PIP EDWARDS: When I first started at Ksubi, my title was Legendary Sexretary. That’s what my business card said. And Dan’s business card said Really Important Guy. What a time. It wouldn’t fly today.

SARAH-JANE CLARKE: The male photographers would come out and they’d say, “Girls, do you think you could take your tops off and hug each other?” They always wanted us sort of holding hands, you know? And we were like, “Uh, no. No!” It was that era.

PIP EDWARDS: And the Ksubi slogans! God forbid, you could never do that today. The things that they said and did – it was really brazen. But the thing is, they were three hot boys doing their thing with no commercial regard. It wasn’t strategic. It was literally a family vibe. A group of friends wanting to have fun.

GEORGE GORROW: When we first started, we had this thing: if we came up with something, no matter how dumb it was, if we all liked it, we had to run with it and work out the details later. So we just did it whether it was dumb or not. And some things we probably shouldn’t have done.

PIP EDWARDS: The processes were whack. A lot of people who were hired were friends; they weren’t hired for their skill sets. But it was important for the culture, and that’s something you can’t replicate. We ended up being a bit cultish. But look at all the people who started at Ksubi and where they are now. Double Rainbouu, Bassike, P.E Nation, The Elder Statesman, Jordan Askill – it was an incubator.

SARAH-JANE CLARKE: It was an absolute dream to be working with my best friend and creating pieces that we just were so in love with. And I think the success of our brand was due to the fact that people loved the story of Heidi and me, our friendship. They could relate to that, they wanted to see us together: if one of us went to an event and the other one wasn’t there, they’d be like, “Oh, where is Heidi?” and vice versa.

MARIE-CLAUDE MALLAT: It started off quite competitive between Australian designers. And certainly during that time, you had to know your place; it wasn’t as democratic as it is today. There was definitely a lot of rivalry, but eventually that all mellowed and came into becoming a lot more supportive.

NICKY ZIMMERMANN: The industry was pretty competitive, but it was also a lot of fun. There were a lot of parties – big parties – and we all went. It was always the designers, the actors, people in bands. Like the Cointreau Balls. One had a giant ice room where we slid down a huge blow-up slippery dip into the room. At that point in time, no-one had ever seen that kind of extravaganza. You had to get dressed up – and they were asking the right people to get dressed up. There were people who were starting out doing hair and makeup, too ... then you’d have people like Kerri-Anne Kennerley. It was hilarious, and loose. No cameras, so there was so much more time spent being fun. You can’t kind of describe it unless you are with the people who were there, because it doesn’t happen now.

SIMONE ZIMMERMANN: I couldn’t even believe we were invited.

SARAH-JANE CLARKE: We were out almost three times a week. That was when actual parties happened. It was the good days: no phones, no cameras. If you got in the front door then you were in the party, part of the fashion cool crowd. There were openings, and all the photographic studios would have parties. It was like everyone had to have a party in order to get their name out and about. Then there were afterparties...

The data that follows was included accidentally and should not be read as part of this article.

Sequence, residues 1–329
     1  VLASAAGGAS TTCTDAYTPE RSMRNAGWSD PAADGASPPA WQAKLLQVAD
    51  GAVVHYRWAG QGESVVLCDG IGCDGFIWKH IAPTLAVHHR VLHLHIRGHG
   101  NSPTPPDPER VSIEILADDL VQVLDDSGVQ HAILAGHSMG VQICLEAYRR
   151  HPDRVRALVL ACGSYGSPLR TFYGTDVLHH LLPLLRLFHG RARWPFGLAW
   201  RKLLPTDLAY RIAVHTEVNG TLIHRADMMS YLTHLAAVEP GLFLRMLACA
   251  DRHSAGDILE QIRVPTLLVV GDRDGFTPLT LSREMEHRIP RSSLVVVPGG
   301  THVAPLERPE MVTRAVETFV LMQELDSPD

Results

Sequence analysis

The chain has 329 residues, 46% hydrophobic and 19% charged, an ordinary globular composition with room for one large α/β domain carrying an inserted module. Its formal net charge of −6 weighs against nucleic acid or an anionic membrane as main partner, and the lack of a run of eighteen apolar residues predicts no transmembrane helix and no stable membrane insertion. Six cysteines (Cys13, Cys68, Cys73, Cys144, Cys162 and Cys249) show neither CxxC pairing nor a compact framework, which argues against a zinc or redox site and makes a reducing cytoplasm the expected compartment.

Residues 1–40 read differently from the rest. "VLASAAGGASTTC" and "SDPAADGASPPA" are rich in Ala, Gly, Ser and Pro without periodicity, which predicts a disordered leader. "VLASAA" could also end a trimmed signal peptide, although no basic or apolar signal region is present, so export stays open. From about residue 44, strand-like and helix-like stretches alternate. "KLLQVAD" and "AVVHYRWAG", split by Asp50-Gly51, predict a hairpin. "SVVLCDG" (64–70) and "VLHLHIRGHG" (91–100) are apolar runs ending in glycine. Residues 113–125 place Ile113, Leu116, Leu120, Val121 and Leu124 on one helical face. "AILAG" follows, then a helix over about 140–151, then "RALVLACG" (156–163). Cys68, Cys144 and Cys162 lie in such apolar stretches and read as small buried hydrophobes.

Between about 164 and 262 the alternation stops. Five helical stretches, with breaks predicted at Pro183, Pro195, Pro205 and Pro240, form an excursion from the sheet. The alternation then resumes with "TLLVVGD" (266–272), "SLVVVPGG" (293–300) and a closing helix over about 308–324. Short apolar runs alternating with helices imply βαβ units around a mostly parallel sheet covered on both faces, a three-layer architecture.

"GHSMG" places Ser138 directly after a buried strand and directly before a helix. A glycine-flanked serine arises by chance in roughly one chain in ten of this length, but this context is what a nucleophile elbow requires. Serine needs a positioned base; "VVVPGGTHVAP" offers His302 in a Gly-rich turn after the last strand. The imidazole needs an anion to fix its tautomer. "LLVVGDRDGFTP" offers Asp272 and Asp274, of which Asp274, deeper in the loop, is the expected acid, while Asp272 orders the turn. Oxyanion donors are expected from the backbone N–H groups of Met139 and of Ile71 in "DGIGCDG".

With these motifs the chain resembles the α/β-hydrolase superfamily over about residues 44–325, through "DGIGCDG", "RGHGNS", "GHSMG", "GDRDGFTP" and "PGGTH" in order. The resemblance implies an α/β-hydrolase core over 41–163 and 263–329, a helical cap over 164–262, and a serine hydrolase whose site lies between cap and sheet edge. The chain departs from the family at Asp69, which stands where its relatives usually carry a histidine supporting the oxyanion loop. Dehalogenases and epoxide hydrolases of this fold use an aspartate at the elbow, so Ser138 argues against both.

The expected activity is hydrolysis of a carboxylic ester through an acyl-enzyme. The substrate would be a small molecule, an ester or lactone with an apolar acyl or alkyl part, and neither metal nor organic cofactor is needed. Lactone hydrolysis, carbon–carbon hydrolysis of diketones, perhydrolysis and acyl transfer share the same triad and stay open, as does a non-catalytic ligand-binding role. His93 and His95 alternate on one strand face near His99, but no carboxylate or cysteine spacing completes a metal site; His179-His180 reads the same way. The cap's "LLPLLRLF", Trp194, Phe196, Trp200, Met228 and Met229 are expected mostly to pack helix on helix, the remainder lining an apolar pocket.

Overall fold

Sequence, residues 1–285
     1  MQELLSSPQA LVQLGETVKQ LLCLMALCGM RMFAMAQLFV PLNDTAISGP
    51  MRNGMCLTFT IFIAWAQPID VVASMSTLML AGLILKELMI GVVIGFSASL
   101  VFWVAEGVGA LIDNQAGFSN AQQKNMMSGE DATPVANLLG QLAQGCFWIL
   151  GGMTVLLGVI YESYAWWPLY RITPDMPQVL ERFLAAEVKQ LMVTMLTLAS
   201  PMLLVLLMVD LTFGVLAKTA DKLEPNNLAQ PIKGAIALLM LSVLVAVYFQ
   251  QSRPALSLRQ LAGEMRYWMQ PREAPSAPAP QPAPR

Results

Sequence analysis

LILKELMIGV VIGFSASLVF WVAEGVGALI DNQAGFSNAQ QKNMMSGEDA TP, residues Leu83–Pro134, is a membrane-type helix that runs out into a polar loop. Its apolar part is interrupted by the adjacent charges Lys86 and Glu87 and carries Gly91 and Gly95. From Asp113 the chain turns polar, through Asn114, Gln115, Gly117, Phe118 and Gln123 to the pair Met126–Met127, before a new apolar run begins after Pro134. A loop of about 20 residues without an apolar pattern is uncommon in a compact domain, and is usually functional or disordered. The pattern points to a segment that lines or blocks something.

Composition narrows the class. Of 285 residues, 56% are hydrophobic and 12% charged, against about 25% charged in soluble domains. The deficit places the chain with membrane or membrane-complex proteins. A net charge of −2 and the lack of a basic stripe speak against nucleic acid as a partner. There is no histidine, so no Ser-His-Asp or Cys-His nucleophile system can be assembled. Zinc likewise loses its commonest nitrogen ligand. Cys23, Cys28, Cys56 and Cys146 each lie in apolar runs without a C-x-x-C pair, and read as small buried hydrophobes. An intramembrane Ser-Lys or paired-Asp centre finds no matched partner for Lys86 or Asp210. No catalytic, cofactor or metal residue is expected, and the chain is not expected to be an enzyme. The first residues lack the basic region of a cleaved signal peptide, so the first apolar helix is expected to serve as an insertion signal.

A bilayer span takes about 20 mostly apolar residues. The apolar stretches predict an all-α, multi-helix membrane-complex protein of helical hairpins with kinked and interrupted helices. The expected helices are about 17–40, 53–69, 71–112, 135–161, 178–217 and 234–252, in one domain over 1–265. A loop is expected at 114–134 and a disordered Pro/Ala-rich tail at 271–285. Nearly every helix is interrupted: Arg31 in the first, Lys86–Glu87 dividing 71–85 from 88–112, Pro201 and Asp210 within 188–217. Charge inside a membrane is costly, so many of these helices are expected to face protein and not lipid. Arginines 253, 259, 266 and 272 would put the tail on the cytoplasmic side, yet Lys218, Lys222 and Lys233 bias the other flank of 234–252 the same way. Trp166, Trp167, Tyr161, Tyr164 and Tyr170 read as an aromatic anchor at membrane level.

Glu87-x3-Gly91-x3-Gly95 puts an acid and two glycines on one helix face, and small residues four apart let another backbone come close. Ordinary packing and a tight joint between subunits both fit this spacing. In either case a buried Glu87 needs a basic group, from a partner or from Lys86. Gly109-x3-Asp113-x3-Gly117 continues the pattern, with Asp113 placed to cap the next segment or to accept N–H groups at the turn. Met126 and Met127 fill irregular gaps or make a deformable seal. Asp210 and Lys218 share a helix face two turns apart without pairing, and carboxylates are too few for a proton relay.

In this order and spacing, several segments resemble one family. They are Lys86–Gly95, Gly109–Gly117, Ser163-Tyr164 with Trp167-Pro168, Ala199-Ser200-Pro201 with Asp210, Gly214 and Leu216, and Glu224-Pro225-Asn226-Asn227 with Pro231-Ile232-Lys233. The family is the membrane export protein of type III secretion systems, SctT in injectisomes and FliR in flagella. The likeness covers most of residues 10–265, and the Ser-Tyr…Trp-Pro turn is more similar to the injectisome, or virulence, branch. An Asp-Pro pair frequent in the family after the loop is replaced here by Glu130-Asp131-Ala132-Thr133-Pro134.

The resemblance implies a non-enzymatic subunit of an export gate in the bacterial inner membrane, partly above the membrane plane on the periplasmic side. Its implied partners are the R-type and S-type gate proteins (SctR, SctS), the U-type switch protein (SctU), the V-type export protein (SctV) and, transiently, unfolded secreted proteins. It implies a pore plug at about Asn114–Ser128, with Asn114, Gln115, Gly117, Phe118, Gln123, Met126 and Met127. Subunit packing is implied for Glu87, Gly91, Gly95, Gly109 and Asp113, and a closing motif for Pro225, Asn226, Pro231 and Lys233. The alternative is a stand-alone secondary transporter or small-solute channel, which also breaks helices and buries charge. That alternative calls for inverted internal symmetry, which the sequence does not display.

SIMONE ZIMMERMANN: We were at every event that we got invited to – we were definitely going because it meant a free drink. And there was always something going on.

NICKY ZIMMERMANN: We didn’t have phones, so when you wanted to find your friends you just knew which pub or bar to go to, and you knew the progression – that, oh, by 12 o’clock they’ll be at this one, so I’ll go down there. But you couldn’t ring them and I think it made that whole thing really different. There was, I don’t know, just a little bit more freedom. Maybe because it was our youth that made it feel more free and fun, but it just was.

PIP EDWARDS: It was every Friday night. I mean, it’s as simple as that. You’d lose your mind and not sleep from Friday to Monday. I’m pretty sure I can only clock whatever happened in that period by what I was wearing, because I don’t remember anything else.

SIMONE ZIMMERMANN: Would I want to do it now? Definitely not. But I did enjoy that buzz and looseness of the late ’90s and the early 2000s.

HEIDI MIDDLETON: At the time, it was like this underground creative movement of DJ friends or stylists or other designers or makeup artists or models, all doing new things. We didn’t all have big backers or funding, so the creativity was heightened because we had to be more resourceful. Whether it was the parties or the shoots or the clothes we were making, it was experimental and wild. I think it was unique to that time.

“It was the GOOD days: no cameras, no phones. That was when ACTUAL parties happened.”

NICKY ZIMMERMANN: We showed in the very first Australian Fashion Week in 1996, I think there were eight of us designers in total. Marie-Claude was there yelling in the background mainly because none of us knew what we were doing. And I’d had the idea that I wanted to do swimwear that was mixed in with the clothing. That was five years into the business and we didn’t do swimwear at the time. It was a bit of a random idea, something that we thought that we could sell internationally because it would make sense with our provenance. It wasn’t an Australian brand trying to be a French brand. It was an Australian brand being Aussie ... and it worked.